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9/11 Tower Challenge honors fallen first responders


A crowd gathered to complete the 911 Tower Challenge in Arizona Stadium. This year, the even has transitioned to a virtual experience. Courtesy 911 Tower Challenge Foundation

In honor of the fallen first responders of the 9/11 attacks, Arizonans are coming together on Sept. 11 to participate in the 9th annual 911 Tower Challenge.

The 911 Tower Challenge Foundation, a local 100% volunteer-based and 501(C)(3) nonprofit organization, hosts the annual event to memorialize the victims of the attacks while raising money for local first responders and military members, according to its website.

Participants of the challenge climb 2,071 steps, which is equivalent to the 110 floors of the World Trade Center’s twin towers, according to Rob Brandt, a Tucson Police Department sergeant and the 911 Tower Challenge Foundation president.

“We came up with this idea of doing a tower challenge and we opened it up mainly to the [Tucson Police] department. We had about 100 people who did the first Tower Challenge and climbed the 2,071 steps,” Brandt said. “Then that just continued every year. We’d hold an annual challenge and it’s grown and grown and grown. So now the event is in Tucson, Phoenix and Flagstaff. Last year we had about 3,400 people participate.”

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Before the COVID-19 pandemic, the Tower Challenge has been held at Arizona Stadium at the University of Arizona for its past events, according to the foundation’s website.

 Former UA rugby coach and sports broadcaster, Dave Sitton, helped plant the seed in the 911 Tower Foundation hosting the event at Arizona Stadium, according to Brandt. 

“Dave got the ball rolling. Unfortunately, he passed away. But by that point, the contacts had been made and we got together with Arizona Athletics and they were very receptive to letting us do the Tower Challenge there. They’ve been a great team to work with for the past eight years,” Brandt said.

In the past 911 Tower Challenges, participants would receive a badge with a picture and name of a fallen first responder on it, according to Brandt.

“They looked down [at the badge] and then they’re climbing for that person. They see the eyes and the faces looking back at them as the people that lost their lives on Sept. 11 and it gives them the inspiration to keep going,” Brandt said.

Due to the pandemic, this year’s event will be held virtually. Participants can complete the challenge by climbing 2,071 steps or walking 1.25 miles anywhere they can and on their own time, according to its website.

The 911 Tower Challenge Foundation will also stream this year’s opening ceremonies at 6:00 a.m. MST on Sept. 11, according to the foundation’s website.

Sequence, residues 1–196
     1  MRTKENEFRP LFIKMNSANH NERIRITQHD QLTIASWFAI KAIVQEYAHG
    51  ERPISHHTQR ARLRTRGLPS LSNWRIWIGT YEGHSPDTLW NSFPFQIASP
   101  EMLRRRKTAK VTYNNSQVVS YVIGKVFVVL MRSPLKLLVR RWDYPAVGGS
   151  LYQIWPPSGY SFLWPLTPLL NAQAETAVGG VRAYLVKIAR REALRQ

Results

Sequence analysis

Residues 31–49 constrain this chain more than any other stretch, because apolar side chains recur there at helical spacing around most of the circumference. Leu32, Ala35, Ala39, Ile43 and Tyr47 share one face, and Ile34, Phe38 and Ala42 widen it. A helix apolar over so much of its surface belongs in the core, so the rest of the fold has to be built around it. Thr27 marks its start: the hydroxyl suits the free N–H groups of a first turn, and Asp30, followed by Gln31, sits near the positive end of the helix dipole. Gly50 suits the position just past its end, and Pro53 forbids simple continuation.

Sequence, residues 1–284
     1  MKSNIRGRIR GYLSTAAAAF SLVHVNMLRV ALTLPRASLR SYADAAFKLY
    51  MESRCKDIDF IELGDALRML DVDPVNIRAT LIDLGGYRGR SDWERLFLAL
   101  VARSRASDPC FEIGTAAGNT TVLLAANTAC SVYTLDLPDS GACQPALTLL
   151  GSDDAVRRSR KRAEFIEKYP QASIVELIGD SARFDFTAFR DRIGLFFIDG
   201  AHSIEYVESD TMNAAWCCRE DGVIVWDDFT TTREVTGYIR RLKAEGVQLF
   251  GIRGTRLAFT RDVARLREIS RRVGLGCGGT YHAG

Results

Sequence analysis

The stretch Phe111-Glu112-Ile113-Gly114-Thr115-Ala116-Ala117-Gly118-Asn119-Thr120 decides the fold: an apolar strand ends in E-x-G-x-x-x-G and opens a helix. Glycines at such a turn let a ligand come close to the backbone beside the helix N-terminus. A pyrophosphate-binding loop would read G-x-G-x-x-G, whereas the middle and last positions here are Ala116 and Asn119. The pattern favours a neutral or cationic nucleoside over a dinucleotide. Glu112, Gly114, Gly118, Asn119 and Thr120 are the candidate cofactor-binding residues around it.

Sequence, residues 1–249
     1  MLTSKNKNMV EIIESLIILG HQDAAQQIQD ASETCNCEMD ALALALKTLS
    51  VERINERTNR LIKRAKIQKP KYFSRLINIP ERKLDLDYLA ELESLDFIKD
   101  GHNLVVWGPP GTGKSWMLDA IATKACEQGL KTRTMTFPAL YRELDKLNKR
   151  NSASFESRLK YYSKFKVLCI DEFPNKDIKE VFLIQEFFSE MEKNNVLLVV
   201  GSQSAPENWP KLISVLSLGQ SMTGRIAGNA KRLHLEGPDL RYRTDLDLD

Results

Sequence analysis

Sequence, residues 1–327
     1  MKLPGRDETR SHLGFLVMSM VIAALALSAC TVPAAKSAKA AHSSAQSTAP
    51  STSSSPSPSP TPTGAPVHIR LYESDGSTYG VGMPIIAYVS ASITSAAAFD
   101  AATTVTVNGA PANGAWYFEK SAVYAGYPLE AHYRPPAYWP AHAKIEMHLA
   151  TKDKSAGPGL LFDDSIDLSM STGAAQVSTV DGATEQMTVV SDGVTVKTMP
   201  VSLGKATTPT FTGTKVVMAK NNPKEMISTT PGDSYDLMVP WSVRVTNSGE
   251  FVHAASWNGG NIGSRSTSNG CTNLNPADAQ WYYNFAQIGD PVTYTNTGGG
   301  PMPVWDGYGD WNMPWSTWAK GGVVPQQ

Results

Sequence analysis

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“I remember 9/11 when it happened. When they play the footage for the opening ceremony, it always makes me cry because it just brings me back to how I felt that day. With everything going on in the world, I feel like it’s an event that brings people together because a lot of people do remember that time and how they felt. So to be able to represent the people that lost their lives, that means a lot to me,” said Samantha Spahr, an active participant of the Tower Challenge and a staff sergeant with the Air National Guard.

Registration for the event ranges from $35 to $40 per individual. Each registration includes a commemorative badge and coin along with a T-shirt and protective mask, according to the foundation’s website.

Sponsors help contribute to the Foundation’s operating costs, including previous sponsors like Tucson Electric Power, according to Brandt. 

“Everyone on the committee and the board for the 911 Tower Challenge puts in a lot of time and energy to make the event happen. We appreciate the people who participate year after year. It really does make a difference when raising funds for these organizations that get the donations,” said Jennifer Crawford, a committee member for the 911 Tower Challenge Foundation and a Tucson Electric Power employee.

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The beneficiaries of this years’ event are the 100 Club of Arizona and the Boulder Crest Foundation. In the last four years of the event, the foundation has raised around $300,000 for its charities, according to the foundation’s website.

“Our whole goal, right from the get-go, was that every bit of money raised by the participants goes straight to the charities. Every year we select a worthy charity from the first responder side of the house and a military support charity,” Brandt said.

Whether actively participating or donating, the 911 Tower Challenge offers the local community a way to remember those who made the ultimate sacrifice on Sept. 11 according to Brandt.

“The attitude we have behind the Tower Challenge is that this is a memorial, but we want to embody the American spirit that no matter what we go through, we as a nation and more importantly, we, as a people, will always survive and want to pick ourselves up and keep moving forward,” Brandt said.

For more information about the 911 Tower Challenge and Foundation, visit  

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